How The House Of Krigler Puts History Lessons In Each Scent

When it comes to perfume, telling a story is a surefire way to connect to a scent. Nobody does this better than the House of Krigler, a perfume dynasty with five generations going strong. Inside each one of their artsy bottles, there is not only a story about the scents, but a history lesson, and a story about the time that the scent was created, whether it was 1922, 1945 or even 2023.

It all started in 1879 in Moscow, when Albert Krigler designed a floral fragrance called “Pleasure Gardenia 79,” a floral scent with jasmine, vanilla, mimosa with a mix of musk and gardenia petals. But it wasn’t until 25 years later that he launched the House of Krigler in St. Petersburg, and “Pleasure Gardenia 79” is still sold today. The brand has over 750 different scents and was founded in 1904 in Berlin, Germany, but Krigler moved the brand to Russia.

Many of the scents were created in the French Riviera, and many ingredients from the region are used, giving it a refreshing, coastal touch to many of their scents.

Everyone from Audrey Hepburn to Grace Kelly, and Jackie Kennedy has worn Krigler scents, and royals, as well.

“Many celebrities and royals have worn our fragrances, if you go through the history of Krigler, you discover the history of Europe in the 20th century and the U.S. in the 21st century,” said Ben Krigler, the fifth-generation heir of the Krigler family, and a widely recognized fragrance historian.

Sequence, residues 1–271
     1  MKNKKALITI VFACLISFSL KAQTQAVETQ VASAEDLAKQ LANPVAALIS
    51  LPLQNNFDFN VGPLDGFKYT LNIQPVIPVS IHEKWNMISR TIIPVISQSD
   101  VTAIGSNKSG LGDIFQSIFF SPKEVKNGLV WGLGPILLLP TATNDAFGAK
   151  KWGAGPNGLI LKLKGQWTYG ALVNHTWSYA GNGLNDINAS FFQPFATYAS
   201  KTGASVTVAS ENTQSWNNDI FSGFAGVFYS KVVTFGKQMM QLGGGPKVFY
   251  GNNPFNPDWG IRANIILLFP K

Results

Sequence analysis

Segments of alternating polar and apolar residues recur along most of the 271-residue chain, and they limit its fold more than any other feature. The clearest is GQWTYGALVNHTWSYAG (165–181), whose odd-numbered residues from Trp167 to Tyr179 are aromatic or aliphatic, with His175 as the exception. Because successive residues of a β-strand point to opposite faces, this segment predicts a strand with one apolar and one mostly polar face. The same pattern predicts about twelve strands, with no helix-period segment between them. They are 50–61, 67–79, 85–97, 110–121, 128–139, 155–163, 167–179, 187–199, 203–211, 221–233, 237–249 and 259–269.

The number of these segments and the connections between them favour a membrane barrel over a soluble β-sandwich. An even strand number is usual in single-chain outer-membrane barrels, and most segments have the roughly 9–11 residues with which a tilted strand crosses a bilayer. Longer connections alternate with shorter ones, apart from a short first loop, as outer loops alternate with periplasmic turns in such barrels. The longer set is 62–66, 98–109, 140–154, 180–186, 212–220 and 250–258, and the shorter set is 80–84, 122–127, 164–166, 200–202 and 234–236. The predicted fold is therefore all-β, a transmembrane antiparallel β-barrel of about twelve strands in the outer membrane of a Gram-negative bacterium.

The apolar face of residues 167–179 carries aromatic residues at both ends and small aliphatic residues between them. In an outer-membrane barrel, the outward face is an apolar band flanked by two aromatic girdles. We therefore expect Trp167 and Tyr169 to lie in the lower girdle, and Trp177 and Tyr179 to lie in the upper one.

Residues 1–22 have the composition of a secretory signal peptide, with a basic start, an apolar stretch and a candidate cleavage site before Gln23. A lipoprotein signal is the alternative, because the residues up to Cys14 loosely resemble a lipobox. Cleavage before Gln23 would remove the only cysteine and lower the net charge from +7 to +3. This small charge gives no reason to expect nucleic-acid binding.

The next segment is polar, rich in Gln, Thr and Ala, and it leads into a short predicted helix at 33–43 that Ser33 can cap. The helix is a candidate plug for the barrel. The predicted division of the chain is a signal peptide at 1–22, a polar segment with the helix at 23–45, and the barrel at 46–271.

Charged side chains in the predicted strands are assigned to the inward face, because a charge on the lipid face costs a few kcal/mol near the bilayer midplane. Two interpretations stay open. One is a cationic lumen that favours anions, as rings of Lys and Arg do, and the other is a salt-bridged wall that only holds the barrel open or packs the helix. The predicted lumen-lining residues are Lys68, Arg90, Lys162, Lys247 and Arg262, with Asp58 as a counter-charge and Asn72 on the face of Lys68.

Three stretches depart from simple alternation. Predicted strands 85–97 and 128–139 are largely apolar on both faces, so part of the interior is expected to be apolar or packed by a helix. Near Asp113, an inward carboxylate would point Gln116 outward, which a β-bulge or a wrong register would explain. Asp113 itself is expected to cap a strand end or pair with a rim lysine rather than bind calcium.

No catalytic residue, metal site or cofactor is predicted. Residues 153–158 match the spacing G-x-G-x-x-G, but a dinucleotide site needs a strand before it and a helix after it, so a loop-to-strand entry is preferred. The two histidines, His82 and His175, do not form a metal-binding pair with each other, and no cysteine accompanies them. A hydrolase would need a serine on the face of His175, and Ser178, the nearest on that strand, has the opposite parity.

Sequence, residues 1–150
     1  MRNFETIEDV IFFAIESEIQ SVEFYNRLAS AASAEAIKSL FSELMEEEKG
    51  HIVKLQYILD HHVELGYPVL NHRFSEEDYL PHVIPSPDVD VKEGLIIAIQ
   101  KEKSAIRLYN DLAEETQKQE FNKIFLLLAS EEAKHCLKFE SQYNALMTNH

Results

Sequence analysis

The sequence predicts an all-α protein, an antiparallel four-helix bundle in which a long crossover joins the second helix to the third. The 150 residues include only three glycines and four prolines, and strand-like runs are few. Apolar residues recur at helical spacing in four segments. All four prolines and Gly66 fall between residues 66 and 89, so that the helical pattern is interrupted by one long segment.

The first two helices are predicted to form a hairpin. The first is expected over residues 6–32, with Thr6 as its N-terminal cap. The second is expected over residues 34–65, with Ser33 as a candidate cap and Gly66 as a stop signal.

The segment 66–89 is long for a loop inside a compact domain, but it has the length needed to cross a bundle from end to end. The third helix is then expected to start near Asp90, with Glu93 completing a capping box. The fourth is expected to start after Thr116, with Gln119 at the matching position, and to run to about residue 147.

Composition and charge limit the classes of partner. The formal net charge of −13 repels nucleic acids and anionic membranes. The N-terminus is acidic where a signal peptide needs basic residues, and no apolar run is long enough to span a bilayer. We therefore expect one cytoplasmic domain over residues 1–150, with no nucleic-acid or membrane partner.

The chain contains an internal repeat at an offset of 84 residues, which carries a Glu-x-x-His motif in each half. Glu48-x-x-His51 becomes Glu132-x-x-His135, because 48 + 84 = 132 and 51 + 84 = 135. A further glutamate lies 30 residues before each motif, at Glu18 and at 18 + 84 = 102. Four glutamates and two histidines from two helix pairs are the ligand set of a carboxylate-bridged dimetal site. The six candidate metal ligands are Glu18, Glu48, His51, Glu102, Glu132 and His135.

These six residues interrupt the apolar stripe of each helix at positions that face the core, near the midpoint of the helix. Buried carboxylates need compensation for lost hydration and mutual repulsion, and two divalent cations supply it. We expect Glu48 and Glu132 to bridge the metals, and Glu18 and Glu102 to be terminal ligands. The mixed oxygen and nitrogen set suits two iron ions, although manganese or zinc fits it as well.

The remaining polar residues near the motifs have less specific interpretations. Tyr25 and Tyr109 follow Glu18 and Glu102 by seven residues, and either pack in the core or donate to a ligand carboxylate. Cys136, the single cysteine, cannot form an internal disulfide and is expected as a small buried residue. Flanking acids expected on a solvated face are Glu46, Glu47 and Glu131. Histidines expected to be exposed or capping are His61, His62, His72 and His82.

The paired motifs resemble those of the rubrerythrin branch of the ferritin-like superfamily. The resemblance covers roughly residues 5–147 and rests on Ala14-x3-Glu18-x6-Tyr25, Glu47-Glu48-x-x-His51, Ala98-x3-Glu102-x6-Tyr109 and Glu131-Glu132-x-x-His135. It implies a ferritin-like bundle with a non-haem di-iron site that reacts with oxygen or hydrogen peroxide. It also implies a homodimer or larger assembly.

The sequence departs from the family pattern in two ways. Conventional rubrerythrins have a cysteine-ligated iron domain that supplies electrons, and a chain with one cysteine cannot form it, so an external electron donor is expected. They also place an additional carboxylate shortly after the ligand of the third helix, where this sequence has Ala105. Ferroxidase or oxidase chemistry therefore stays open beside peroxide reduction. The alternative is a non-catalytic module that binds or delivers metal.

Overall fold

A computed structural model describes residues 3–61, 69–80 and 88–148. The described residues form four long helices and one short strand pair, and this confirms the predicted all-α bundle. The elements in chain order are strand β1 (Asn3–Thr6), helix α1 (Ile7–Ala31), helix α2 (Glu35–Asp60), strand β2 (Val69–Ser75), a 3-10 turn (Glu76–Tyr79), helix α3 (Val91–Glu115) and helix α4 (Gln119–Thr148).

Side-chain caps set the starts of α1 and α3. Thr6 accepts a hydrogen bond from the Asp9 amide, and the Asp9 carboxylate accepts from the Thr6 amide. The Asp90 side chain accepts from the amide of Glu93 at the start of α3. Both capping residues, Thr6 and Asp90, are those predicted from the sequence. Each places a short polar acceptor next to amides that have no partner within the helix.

One scent called “Extraordinaire Camelia” was created for the Princess Charlene of Monaco in 2009. And back in the 1930s, Marlene Dietrich dropped by the Krigler studio and fell in love with “Lieber Gustav 14,” a lavender scent that was initially created for men—but quickly became the brand’s first unisex scent.

Lieber Gustav 14 (meaning “Dear Gustav” in German, and was numbered 14 because it was created in 1914) was a scent inspired by the love letters between Ben Krigler’s great-grandmother and her fiancé, a soldier who passed away during the First World War. The scent was also worn by F. Scott Fitzgerald, so naturally, Leonardo DiCaprio wore the scent at the 2013 premiere of the film he starred in as Fitzgerald, “The Great Gatsby.”

Each scent tells a story and takes us back in time. To Krigler, the true power of fragrance is subjective. “It’s all personal, the fragrance could give you the confidence and help you psychologically and mentally to conquer the world, to make you feel good, to surround you with success,” he said.

There are countless history lessons packed into each bottle. Look at “Jazzy Riviera 210,” which was created during the hype of the jazz era, and celebrates the centenary of their Antibes studio, or “Abrakaadabra 221,” a scent designed in 2020 during pandemic, designed for healing. Their “Oud for Highness 75” was a bespoke scent created for the Princess of Monaco, and “Blue Escapade 24” was designed for a British Lord who had a home in Biarritz in the south of France.